Spanish for Everyone
Spanish for Everyone is an educational video game released on October 26, 2007 for the Nintendo DS and published by Activision. It was developed by Humagade.
The game was notorious for having various subtextual messages with mature content, despite being an edutainment game.
On the ocremix.org forums, the lead designer of Spanish for Everyone answered some questions regarding the game. He confirmed that the game indeed has some "double meaning jokes", but it was not intended to offend Latin people. According to him this was tentative of having a redeeming quality because Spanish for Everyone had a low budget and the development team knew all the problems of the game, with no resources to solve them. So, as a tentative to compensate the lack of game quality, they tried to do something like in the Shrek movies; a content aimed for young audiences but that has some innuendos for comedy purposes. He confirmed that one of the characters, Miguel's father, indeed was being chased by policemen and that the ending of the game really is a shootout scene. Everything was intentional, even the name of a female character which is a pun for the word "vagina".
The game ends with the protagonist traveling to France, suggesting that the game was meant to spawn a sequel or be the first of a series. The lead designer confirmed that the game could have gotten a sequel: "French for Everyone". This never happened likely due to the game's terrible reception.
Why It Sucks
- The whole "game" is nothing but text, which wouldn't have been a problem considering it is supposed to be educational, but it is riddled with grammatical errors in both the English and Spanish languages.
- There are only four mini-games, which require you to know Spanish in order to play them (which defeats the point of being an educational game), and all of them are dull.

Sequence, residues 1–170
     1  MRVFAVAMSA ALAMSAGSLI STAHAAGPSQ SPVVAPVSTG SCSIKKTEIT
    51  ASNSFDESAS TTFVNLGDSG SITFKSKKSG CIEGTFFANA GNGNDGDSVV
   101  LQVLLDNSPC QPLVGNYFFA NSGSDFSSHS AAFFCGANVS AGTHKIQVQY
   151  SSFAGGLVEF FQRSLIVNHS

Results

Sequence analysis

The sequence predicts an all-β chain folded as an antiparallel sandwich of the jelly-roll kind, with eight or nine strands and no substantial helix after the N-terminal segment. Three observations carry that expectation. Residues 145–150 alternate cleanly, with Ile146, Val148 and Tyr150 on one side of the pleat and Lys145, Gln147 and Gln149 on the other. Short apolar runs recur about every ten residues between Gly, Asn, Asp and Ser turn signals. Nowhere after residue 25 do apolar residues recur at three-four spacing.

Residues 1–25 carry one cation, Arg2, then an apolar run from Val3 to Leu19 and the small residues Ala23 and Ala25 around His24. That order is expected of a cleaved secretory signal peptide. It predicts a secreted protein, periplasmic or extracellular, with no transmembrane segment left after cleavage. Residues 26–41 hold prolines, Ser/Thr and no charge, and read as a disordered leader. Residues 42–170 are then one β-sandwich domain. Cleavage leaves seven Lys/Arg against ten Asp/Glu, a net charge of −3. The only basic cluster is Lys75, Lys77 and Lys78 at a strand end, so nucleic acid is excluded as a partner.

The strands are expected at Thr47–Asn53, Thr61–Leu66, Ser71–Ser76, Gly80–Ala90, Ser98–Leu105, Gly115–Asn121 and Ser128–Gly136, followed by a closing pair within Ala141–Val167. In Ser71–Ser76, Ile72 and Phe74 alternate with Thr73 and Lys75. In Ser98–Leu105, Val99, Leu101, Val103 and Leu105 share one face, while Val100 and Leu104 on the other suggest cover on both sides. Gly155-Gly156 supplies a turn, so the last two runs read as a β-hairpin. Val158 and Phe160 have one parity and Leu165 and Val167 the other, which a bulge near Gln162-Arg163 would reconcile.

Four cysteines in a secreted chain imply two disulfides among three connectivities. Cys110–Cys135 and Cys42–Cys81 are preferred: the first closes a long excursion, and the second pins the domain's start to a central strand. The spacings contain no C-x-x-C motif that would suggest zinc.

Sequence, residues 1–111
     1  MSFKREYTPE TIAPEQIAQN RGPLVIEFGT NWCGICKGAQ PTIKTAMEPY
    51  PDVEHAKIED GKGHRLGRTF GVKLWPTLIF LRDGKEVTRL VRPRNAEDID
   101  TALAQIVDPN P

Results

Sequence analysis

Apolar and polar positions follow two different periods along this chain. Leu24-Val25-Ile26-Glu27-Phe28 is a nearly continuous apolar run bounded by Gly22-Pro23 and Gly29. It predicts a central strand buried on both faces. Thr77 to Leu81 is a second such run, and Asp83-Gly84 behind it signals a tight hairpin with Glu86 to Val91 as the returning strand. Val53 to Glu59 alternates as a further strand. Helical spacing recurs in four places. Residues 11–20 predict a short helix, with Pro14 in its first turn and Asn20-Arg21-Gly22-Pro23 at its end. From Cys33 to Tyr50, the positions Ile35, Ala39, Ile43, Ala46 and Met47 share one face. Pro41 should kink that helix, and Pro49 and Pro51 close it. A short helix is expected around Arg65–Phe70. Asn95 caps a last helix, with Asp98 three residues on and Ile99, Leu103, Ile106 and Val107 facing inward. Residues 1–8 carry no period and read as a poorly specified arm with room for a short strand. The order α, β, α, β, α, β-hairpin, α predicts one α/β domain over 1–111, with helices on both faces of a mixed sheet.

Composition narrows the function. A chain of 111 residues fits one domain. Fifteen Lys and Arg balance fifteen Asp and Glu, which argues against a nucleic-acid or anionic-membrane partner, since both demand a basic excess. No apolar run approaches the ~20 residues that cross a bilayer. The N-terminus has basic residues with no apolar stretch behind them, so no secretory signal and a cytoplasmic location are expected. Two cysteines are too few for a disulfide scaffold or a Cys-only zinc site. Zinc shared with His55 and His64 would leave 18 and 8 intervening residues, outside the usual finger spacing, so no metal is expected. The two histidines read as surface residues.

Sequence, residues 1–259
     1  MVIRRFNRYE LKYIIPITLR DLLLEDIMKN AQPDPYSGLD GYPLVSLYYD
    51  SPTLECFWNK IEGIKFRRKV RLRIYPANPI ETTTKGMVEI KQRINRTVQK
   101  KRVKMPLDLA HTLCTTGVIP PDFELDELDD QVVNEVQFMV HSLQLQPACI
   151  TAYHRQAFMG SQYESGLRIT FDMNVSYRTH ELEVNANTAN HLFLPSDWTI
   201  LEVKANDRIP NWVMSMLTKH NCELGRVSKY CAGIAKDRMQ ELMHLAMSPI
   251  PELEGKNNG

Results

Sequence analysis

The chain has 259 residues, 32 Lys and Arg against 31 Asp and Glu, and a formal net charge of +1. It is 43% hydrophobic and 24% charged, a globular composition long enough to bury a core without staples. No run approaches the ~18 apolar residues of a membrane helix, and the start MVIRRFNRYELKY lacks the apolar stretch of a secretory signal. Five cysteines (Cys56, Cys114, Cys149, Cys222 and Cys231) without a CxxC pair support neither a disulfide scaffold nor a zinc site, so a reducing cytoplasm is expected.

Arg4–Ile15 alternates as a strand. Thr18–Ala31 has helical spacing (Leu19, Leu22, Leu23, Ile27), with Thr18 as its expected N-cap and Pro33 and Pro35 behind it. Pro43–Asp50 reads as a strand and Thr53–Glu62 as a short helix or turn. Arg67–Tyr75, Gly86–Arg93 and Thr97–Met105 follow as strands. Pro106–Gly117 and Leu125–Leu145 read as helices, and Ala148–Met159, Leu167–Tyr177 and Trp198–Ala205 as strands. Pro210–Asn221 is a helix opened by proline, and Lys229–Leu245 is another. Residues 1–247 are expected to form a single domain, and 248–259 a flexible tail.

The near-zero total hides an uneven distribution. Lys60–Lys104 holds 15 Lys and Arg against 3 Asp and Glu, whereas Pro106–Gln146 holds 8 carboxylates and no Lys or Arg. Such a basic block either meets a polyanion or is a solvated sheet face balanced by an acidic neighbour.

- The plot is annoying and paper-thin. It involves a Mexican kid named Miguel who accidentally steals the protagonist's DS, which leads to him heading south of the border (to Tijuana) to get it back.
- The game's cutscenes contain subtextual, stereotypical, and offensive messages, particularly against Latino and Hispanic people.
- For example, it is heavily implied that Miguel has a father who is involved with crime. In the opening, he is chased by police cars (possibly Border Patrol agents), and in the ending, his house is suddenly surrounded by cars, followed by what sounds like gunshots and ricochets.
- The game is rated E for Everyone with no content descriptors, despite containing veiled references to themes such as drug smuggling, theft, and animal abuse.
- Ear-bleedingly awful music.
- Instead of featuring the real cast of characters, the cover art has two girls that don't appear in the game at all. This was probably done to make the game appear more child-friendly and seem that it contained positive messages about diversity.
- The cutscenes have no voice acting and they look as if they were made with MS Paint.
Decrying the game's premise that encourages dangerous or illegal practices and criticizing its gameplay with poor English grammar and questionable teaching ability, IGN rated it 2/10, saying, "We can't recommend this piece of garbage to anyone".
In Mexico, this game made for some laughs and became popular for memetic mutations rather than gameplay.